1. First, thank them for their sincere apology. You may also want to let them know your heart isn’t quite ready to forgive them properly. This may sound something like, “Thank you for saying that” or, “I appreciate hearing that” and possibly, “I’d like to finish talking about it soon; I have some things to grapple with on my own in the meantime.” Set a reasonable time when you can talk about the conflict again, when you might be ready to forgive fully.
  2. Remember that your heart can be a very tricky thing, and that your desire to delay forgiveness (hold it over someone a little longer) is actually sinful.
  3. Read Scripture that convicts your heart: Romans 5:8; Matthew 6:14-15; Matthew 18:21-22; Matthew 18:23-25; Ephesians 4:31-32; Mark 11:25; 1 Corinthians 13:5; 1 Peter 4:8
  4. Ask God to clean your heart of bitterness against the other person. Ask Him to replace those feelings with love.
  5. Examine your motives for approaching the person you are in conflict with. Are you ready? Is your heart pure?
  6. Meet with that person, and forgive them fully.

If you are on the other side of this, waiting patiently for a response can be very difficult. Allow the other person a reasonable amount of time to deal with their own heart in the matter. What may seem like a long time to you may not be as long from their perspective. Ultimately, if the unfortunate thing happens that the other person is not willing to forgive you, the best advice I can give (if this person is not your spouse) is to “shake the dust off your feet” (Matthew 10:14; Mark 6:11; Luke 9:5) and move on. You have shared your truth with them, been honest about your heart, but they are not responsive or choose not to receive what you had to say. Don’t hinder yourself any further from doing what God has you on this earth to do by worrying over someone’s forgiveness of you.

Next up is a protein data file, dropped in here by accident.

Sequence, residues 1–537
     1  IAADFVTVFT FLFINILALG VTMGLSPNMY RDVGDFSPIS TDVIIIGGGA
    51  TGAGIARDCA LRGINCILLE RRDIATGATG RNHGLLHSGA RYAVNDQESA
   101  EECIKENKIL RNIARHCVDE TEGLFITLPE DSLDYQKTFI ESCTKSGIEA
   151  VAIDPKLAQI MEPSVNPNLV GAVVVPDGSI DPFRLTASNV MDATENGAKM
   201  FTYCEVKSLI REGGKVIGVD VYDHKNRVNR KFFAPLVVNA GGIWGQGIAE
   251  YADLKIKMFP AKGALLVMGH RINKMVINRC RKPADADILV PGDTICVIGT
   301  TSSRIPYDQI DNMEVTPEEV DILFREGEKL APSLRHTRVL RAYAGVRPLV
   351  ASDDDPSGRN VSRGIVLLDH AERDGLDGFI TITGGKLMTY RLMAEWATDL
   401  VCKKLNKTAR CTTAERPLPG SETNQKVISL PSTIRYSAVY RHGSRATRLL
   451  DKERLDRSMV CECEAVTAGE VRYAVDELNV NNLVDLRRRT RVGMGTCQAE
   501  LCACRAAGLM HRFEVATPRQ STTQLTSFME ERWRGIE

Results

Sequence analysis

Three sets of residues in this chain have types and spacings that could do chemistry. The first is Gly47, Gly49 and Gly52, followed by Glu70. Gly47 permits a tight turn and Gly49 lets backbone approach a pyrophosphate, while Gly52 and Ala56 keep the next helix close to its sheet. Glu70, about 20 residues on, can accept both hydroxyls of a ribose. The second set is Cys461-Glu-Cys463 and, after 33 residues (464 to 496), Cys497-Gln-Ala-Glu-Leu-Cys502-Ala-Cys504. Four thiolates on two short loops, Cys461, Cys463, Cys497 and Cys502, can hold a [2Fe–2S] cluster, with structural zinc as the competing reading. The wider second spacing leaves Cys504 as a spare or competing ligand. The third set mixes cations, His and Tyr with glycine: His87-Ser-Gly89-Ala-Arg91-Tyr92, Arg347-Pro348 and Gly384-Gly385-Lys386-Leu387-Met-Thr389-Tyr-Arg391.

If this is your spouse and you have been through all of the above, then you need to bring another person into the conversation. Read and follow the direction of Matthew 18:15-20. In marriage you should always seek a resolution. What God has joined together, nothing should separate (Mark 10:9). Christ Chapel offers free biblical counseling to help out in times like this. Through programs like re|engage and Soul Care, our church wants to keep couples together for their good and for God’s glory! Continue to pray for your spouse, that God would align their heart more and more with His will for their life.

I hope this post was helpful to start you on the way toward real forgiveness in times of conflict. However, it is not meant as a comprehensive guide. To talk more about forgiveness, please seek wise counsel from myself, a trusted friend, or from any of our Christ Chapel staff or Elders.